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For Immediate Release
Office of the Press Secretary
February 2, 2002

National African American History Month, 2002
A Proclamation by the President of the United States of America

      African American History

During these extraordinary times, America looks forward to new challenges and opportunities with a reinvigorated sense of unity and common purpose. We are a strong and vibrant Nation, thanks to the creativity, fortitude, and resilience of people of every race and background. During National African American History Month, we celebrate the many achievements and contributions made by African Americans to our economic, cultural, spiritual, and political development.

In 1915, Dr. Carter Godwin Woodson founded The Association for the Study of Negro Life and History. Through that Association, he began pressing for the establishment of Negro History Week as a way to bring national attention to the accomplishments of African Americans. He hoped to neutralize the apparent distortions in Black history and to provide a more objective and scholarly balance to American and World history.

Dr. Woodson's dream became a reality in 1926. He chose the second week of February for the observance because of its proximity to the birthdays of Abraham Lincoln and Frederick Douglass, two individuals whom Dr. Woodson felt had dramatically affected the lives of African Americans. And in 1976, the Association succeeded in expanding the observance, which then became Black History Month.

The theme of National African American History Month for 2002 is "The Color Line Revisited: Is Racism Dead?" The observance calls our Nation's attention to the continued need to battle racism and to build a society that fully lives up to its democratic ideals. This commitment includes ensuring a high-quality education for all Americans, so that no child is left behind, and challenges us to continue to rebuild and restore our communities, to fight crime and violence, and to pursue equal opportunity and equal justice in every part of our society. At the same time, the United States must look beyond its borders and take an active role in helping to alleviate poverty, stimulate economic growth and trade, enhance democracy, and combat HIV/AIDS in Africa.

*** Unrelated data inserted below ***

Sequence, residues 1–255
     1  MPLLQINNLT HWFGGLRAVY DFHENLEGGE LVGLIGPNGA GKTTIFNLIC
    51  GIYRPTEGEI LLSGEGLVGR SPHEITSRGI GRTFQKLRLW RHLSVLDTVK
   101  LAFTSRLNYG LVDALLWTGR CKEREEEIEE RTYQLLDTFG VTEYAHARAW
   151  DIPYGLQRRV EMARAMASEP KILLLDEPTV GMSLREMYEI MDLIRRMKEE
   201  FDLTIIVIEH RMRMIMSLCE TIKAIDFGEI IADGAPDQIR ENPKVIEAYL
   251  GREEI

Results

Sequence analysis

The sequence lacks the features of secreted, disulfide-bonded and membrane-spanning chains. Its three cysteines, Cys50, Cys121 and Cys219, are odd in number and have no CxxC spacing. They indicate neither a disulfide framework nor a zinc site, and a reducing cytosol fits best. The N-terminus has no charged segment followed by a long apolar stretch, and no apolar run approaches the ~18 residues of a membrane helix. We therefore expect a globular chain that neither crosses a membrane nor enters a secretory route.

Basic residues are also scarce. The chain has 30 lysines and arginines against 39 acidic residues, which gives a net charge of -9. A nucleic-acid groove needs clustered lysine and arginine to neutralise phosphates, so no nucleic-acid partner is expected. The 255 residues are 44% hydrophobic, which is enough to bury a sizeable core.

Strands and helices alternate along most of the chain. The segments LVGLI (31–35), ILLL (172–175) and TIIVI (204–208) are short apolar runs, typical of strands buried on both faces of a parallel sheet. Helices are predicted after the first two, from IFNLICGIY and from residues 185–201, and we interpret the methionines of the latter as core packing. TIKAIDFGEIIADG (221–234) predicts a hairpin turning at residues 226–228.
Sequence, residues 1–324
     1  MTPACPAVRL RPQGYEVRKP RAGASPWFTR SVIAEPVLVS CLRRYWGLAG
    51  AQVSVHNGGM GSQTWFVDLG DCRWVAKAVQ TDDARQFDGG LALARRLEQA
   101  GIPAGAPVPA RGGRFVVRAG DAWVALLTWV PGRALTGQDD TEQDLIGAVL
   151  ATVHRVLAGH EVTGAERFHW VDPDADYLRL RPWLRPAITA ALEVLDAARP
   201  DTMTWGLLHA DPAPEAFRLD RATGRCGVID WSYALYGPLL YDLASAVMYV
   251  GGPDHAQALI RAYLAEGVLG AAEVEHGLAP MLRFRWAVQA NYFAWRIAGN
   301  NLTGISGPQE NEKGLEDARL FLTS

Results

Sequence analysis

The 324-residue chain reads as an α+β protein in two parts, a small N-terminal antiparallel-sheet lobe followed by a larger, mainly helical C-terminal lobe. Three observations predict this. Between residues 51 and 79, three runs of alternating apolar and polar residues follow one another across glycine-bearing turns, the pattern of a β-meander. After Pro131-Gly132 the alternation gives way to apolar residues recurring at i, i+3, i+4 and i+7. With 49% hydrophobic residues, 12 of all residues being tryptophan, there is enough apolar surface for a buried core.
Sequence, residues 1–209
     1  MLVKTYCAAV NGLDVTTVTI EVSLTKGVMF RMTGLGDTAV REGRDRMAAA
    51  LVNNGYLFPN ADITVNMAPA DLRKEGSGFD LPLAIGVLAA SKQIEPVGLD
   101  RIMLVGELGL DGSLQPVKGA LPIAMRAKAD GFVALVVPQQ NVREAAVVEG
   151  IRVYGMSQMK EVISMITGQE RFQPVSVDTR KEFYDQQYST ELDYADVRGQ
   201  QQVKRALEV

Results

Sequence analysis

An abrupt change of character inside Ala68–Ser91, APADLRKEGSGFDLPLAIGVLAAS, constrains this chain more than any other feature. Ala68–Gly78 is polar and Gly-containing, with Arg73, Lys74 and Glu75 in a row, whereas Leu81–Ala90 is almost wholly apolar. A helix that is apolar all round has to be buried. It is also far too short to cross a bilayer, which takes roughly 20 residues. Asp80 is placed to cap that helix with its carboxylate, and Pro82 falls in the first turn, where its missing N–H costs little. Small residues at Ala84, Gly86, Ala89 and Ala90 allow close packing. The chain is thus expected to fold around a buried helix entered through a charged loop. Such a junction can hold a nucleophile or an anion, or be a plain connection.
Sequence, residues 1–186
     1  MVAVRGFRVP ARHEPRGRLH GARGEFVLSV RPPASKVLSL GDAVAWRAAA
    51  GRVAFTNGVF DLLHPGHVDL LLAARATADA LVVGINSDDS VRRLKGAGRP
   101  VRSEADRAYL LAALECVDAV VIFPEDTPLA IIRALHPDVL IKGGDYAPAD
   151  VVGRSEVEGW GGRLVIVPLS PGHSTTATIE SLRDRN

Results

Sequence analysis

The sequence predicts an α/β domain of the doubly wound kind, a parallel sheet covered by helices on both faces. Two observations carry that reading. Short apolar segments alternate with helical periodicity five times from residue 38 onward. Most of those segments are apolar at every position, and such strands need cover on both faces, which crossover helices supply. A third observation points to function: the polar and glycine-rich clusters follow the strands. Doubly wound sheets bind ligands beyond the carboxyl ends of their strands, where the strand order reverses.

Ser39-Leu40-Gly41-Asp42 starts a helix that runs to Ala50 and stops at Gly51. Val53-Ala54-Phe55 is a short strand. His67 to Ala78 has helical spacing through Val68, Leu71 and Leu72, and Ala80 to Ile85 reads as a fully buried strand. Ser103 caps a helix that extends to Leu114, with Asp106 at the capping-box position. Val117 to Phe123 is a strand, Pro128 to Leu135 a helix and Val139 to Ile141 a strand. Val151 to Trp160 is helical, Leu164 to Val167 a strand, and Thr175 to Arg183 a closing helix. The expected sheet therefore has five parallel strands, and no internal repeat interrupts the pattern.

This annual event gives all Americans a chance to recognize and commemorate the global history of people of African descent. As we celebrate National African American History Month, I join with all Americans in celebrating our diverse heritage and culture and continuing our efforts to create a world that is more just, peaceful, and prosperous for all.

NOW, THEREFORE, I, GEORGE W. BUSH, President of the United States of America, by virtue of the authority vested in me by the Constitution and laws of the United States, do hereby proclaim February 2002 as National African American History Month. I call upon public officials, educators, librarians, and all of the people of the United States to observe this month with appropriate programs and activities that highlight and honor the myriad contributions of African Americans.

IN WITNESS WHEREOF, I have hereunto set my hand this first day of February, in the year of our Lord two thousand two, and of the Independence of the United States of America the two hundred and twenty-sixth.


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